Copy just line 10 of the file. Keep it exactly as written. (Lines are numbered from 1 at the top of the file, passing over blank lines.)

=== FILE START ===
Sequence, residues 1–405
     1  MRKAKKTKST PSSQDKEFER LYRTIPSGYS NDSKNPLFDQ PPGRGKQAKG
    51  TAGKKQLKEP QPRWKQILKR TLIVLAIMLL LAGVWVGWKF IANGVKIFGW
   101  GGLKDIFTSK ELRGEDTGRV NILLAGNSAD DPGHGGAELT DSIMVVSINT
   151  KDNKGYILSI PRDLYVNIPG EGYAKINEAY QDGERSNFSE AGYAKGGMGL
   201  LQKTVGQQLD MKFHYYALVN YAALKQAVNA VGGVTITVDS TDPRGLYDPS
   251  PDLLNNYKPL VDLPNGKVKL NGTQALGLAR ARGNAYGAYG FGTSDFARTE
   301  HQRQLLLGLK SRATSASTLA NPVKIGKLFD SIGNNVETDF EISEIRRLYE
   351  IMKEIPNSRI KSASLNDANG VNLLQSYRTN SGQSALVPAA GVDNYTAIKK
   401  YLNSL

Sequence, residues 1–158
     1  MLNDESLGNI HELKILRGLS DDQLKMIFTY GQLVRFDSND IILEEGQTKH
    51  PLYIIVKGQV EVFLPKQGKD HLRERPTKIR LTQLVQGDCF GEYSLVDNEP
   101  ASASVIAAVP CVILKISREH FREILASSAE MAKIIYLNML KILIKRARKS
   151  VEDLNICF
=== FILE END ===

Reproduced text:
   401  YLNSL